‘Good things come in small packages.’ is a common enough expression, and the same could be said of Jack Vance’s The Languages of Pao. Written in 1957, the book is one of Vance’s earlier creations and does not represent the maturity of style that the dialogue of Tales of the Dying Earth or plotting of Planet of Adventure display. However, one can see that seeds have been planted and buds are sprouting. The novel, though checking in at only 150 pages, is unmistakably Vance.
Fully deserving to be fleshed out - to have all of the details unpacked - the exposed bones of The Languages of Pao tell of the exiled ruler of the titular planet and the steps he takes to stabilize his beloved country after his father’s assassination. Baren is just a boy when he is whisked away by the seemingly benevolent wizard dominie, Falafox, to the planet of Breakness. The knowledge Barend gains and linguistics he learns unwind in an unpredictable fashion that only Vance can write. Events moving swiftly – perhaps too swiftly for the weight of the ideas contained within – the story nevertheless moves with a deft plot and focus to its conclusion. In typical Vance style – positive for the protagonist, that is - the climax occurs in satusfying fashion, bearing nothing of the fairy tale colors other pulp sci-fi stories of the time wore.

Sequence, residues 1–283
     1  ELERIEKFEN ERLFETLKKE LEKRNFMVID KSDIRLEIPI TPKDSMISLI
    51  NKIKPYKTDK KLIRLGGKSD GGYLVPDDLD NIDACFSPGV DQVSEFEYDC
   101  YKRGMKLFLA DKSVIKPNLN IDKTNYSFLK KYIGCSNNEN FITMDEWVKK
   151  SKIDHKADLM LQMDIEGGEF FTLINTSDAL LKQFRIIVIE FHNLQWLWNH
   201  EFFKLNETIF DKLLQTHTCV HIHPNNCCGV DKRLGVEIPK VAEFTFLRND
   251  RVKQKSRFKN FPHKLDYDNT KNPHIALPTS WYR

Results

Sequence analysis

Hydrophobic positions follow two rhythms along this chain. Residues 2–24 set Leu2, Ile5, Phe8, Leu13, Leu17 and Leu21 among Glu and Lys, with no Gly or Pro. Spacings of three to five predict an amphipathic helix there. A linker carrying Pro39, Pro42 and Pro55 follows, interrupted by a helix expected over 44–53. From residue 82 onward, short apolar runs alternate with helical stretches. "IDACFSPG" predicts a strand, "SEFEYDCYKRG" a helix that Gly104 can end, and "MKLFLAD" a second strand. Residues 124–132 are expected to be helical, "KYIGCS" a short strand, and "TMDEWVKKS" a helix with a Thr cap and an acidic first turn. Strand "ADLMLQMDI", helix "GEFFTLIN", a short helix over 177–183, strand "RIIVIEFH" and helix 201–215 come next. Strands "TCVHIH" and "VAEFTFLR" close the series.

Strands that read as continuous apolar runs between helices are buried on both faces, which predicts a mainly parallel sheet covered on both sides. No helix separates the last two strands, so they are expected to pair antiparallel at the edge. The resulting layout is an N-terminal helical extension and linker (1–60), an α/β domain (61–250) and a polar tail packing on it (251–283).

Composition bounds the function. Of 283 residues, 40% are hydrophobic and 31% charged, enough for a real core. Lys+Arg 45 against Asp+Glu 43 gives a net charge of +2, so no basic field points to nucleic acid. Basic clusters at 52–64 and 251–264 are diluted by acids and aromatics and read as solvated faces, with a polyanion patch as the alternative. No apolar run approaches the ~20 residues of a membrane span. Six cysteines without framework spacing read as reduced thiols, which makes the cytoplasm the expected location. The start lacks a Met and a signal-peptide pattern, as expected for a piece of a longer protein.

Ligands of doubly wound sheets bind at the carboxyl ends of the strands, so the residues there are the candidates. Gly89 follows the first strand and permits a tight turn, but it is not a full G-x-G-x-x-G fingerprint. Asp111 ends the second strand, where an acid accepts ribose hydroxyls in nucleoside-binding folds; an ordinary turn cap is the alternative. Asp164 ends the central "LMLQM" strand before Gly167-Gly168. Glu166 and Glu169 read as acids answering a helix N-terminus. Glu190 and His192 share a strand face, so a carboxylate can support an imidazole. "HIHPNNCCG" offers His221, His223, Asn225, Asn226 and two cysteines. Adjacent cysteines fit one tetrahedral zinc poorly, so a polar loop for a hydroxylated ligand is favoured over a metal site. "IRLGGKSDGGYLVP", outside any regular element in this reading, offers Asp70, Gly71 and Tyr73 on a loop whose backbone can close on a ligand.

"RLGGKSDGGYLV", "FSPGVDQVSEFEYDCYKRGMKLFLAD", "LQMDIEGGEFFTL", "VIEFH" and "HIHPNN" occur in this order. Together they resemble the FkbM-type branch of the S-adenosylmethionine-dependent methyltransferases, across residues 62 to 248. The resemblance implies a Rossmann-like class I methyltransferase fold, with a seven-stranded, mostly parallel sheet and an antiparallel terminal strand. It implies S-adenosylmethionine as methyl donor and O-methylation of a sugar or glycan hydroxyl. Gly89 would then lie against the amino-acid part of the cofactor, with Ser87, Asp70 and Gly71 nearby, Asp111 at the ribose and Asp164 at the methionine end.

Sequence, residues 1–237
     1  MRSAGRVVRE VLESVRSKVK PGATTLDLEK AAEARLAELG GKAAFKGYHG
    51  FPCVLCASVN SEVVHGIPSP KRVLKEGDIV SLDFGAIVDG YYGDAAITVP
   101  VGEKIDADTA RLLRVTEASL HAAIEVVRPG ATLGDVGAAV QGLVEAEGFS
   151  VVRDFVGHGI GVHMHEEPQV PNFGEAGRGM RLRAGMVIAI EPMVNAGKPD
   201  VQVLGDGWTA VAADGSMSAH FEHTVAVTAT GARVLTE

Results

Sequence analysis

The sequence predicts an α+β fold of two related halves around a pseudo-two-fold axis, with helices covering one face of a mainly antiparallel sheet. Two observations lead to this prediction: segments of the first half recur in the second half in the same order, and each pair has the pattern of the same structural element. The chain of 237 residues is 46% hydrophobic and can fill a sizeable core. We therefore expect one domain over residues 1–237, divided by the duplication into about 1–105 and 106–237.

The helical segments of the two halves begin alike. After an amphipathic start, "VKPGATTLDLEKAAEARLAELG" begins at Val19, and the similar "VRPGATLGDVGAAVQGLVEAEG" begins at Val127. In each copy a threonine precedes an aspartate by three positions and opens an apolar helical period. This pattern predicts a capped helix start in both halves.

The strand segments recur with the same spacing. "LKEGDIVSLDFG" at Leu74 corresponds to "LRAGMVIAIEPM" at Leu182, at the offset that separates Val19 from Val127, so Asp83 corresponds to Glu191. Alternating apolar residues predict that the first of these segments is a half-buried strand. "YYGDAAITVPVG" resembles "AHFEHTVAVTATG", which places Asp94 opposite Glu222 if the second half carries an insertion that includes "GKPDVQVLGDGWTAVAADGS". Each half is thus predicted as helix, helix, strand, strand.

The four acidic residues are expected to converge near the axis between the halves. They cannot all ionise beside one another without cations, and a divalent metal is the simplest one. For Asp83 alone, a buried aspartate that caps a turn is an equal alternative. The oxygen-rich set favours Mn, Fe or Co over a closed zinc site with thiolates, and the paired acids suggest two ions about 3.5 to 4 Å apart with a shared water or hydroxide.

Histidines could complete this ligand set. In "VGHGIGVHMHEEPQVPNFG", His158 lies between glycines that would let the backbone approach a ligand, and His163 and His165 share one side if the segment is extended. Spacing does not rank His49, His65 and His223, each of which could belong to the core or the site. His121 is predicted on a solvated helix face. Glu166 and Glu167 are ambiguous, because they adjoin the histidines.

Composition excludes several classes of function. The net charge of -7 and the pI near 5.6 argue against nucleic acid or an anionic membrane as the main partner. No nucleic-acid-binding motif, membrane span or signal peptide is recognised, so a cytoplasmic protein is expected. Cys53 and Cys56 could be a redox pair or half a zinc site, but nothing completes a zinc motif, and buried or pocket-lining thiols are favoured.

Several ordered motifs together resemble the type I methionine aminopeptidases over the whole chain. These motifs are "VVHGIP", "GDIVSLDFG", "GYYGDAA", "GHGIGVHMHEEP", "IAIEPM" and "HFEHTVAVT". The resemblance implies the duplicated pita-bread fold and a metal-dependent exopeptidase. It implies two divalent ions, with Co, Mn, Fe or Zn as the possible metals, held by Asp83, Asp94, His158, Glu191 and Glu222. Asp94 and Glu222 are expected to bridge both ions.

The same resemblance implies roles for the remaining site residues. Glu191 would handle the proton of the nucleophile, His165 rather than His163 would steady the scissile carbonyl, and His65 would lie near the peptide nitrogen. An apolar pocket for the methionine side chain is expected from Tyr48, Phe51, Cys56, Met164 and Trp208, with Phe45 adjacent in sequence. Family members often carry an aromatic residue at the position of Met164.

Aside from the plot moving at times quite rapidly, the only disadvantage of The Languages of Pao is that the reader is left wanting a more detailed narrative regarding the role language plays in the story. While what content exists is more than sufficient to carry the plot, the thematic punch is somewhat pulled due to the paucity of description. Obviously playing off Saussere’s ‘sign’ and ‘symbol’ theory of linguistics, the book would not have suffered if the social connection to language was made stronger (for example, as in Le Guin's The Telling or Mieville's Embassytown). Alas, the idea coming so early in Vance’s career, the seed never had a chance to fully blossom.
That being said, The Languages of Pao is certainly an atypical sci-fi story written as only Jack Vance can. The cultural insight, wry humor, and well-thought out plot typical of the author are all present. As such, the book comes highly recommended for any Vance fan who has not yet read this work, or for anyone who would like a light taste of what role linguistics might play in a sci-fi story.